Steve Simmons's review of Angie's new autobiography. Looks like a must-read. I love the last paragraph below.
An Argo-Cat fan
TORONTO - It doesn’t seem to matter that he is 74 years old, needs a cane to walk and can barely lift himself out of a deep armchair.
It doesn’t seem to matter because he is Angelo Mosca, still King Kong, and the face hasn’t changed all that much over time: still chiseled and distinctive and so easily identified.
“In 1968, Pierre Trudeau was the most recognizable man in Canada,? Mosca said proudly Wednesday. “I was second.?
Today, he would still be high on anybody’s list: The Canadian Football League is filled with players and faces but no one quite like Angelo Mosca. A face we know, a voice we remember, a personality for the ages.
And now, after all these years, an author of his own story.
The launch for Tell Me To My Face, written alongside the fine columnist Steve Milton, at Real Sports, was typical Mosca on Wednesday morning and afternoon. Everybody was there. If you looked around the room, you would have seen George Chuvalo and Dave Raimey and Adriano Belli kissing anyone he could find. But this day, like most days, was about the most colourful, outspoken, angry, dirty, loved, despised figure in CFL history and a book written with love and pain and anguish and honesty. Which is how Mosca played. And how his story is now told.
“I really had no interest in doing a book until Bob Young (the Hamilton Tiger-Cats owner) talked me into it. He said: ‘Angelo, you have to have a legacy.’ And I figure, this guy’s made money, so I might as well listen to him.?
And then his wife said to him: ‘You have a story to tell. Tell the truth.’
And what came out wasn’t just truth, it was the makings of a blockbuster movie.
“I had a really rough childhood,? Mosca said. In just the first few pages of the book, Mosca relates a deep secret he has kept hidden until now. He grew up outside racist Boston, the son of a white father, an African American mother. Mosca was, by the standards of his time, a black child who couldn’t or wouldn’t let anyone know what he was.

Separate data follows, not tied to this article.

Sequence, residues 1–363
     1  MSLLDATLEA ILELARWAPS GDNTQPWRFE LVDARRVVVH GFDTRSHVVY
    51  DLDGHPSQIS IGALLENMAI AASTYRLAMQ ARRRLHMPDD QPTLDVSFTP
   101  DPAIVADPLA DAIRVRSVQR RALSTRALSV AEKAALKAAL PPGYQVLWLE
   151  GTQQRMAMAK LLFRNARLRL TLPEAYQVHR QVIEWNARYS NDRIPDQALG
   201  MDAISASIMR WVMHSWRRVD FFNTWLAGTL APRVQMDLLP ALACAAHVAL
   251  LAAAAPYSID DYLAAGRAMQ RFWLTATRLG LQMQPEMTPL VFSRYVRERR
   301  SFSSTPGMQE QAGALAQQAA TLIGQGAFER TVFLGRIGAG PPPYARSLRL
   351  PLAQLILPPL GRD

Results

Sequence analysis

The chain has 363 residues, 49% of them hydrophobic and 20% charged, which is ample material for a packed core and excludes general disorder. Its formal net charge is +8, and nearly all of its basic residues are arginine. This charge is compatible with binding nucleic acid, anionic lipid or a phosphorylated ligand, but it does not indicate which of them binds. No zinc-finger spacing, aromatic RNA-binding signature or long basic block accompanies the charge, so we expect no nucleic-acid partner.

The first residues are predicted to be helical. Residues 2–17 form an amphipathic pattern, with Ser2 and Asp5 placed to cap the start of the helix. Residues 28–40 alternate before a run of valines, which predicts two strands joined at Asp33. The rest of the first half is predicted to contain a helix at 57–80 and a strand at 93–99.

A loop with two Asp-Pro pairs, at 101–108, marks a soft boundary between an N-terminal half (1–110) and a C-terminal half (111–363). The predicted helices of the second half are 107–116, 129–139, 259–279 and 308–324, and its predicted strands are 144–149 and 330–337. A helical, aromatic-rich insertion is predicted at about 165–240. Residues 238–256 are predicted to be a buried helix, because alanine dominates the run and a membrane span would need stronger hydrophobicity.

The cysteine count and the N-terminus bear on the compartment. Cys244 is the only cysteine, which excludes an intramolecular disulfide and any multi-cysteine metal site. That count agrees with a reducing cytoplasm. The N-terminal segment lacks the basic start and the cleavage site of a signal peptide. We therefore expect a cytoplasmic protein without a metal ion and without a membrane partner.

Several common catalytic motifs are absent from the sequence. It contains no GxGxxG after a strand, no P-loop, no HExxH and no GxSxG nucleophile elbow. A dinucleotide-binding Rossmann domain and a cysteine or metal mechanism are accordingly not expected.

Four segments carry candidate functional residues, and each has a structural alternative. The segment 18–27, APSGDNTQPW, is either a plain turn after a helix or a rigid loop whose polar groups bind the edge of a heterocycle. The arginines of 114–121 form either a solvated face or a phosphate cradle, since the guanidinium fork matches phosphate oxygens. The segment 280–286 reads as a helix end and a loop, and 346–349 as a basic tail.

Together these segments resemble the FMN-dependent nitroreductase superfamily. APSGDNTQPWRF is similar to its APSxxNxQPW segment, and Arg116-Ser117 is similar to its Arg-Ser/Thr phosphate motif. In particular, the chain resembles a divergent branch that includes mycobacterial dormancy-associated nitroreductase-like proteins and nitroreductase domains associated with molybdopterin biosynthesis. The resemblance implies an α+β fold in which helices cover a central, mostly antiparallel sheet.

“America was a very prejudiced country and being black meant, at the very least, that you probably weren’t going to get anywhere in life. Your chance for success was very slim. Nobody wanted you around. You would be called ‘nigger’ and would automatically be considered a lazy bum ...
“Even in Boston, we would read about lynchings and murders ...
“My dad died 25 years ago. I didn’t go to the funeral. And when my mom died a few years ago, I didn’t go to the funeral, either. I had no reason to go. I raised myself. They treated me like a nigger, in the most ugly and hateful sense of the word. Once I left home, I had no respect for my parents. They didn’t want me, so I didn’t want them.?
About a year and a half ago, when the entrepreneurial Young was preparing to launch the self-publishing website lulu.com, he approached Mosca about writing a book. The Ticats put Milton and Mosca together, even though they’d known each other for years, and once a week they began meeting at Mosca’s St. Catharines home. Hours and hours and hours of taped conversations turned into 98,000 words, edited down to 65,000 for book size.
“I could have written a sequel,? said Milton. He still might consider it.
There are so many sides to the Mosca story, from lousy childhood to kid on the streets to college football star to prejudice at U.S. universities to his time starring in the CFL on the Ticats’ defensive line, his time in the pro wresting world, and all that his life has been since.
“I’ve learned a few things doing this,? said Milton. “I learned not to piss him off. I also learned he has a heart as big as this country. He’s not a Canadian by birth, but he’s done more for the country, loves the country more than any Canadian I know.?
The old man who loves this country could have ended up like some of his childhood friends, in jail for murder. He did only small-time crimes himself, such as running dice games on the street in his teenaged years.
“We’d have a game going and I’d yell: ‘Police are coming.’ And everyone would scatter. I’d scoop up all the money from the game and take off. Then I’d set up a game someplace else.?
That was a almost 60 years ago. Now he still likes people to know who is he, and who he used to be.
“I introduced myself to a rookie the other day. I said: ‘I’m Angelo Mosca.’’ And he said: ‘Yeah, hi’ — like he really wasn’t interested. I couldn’t help myself. I said ‘Hey, a------, come here. He didn’t know what to do. He froze. I showed him the only two rings I wear — my ’65 Grey Cup ring and my Hall of Fame ring.’ It’s important for people to know who came before them."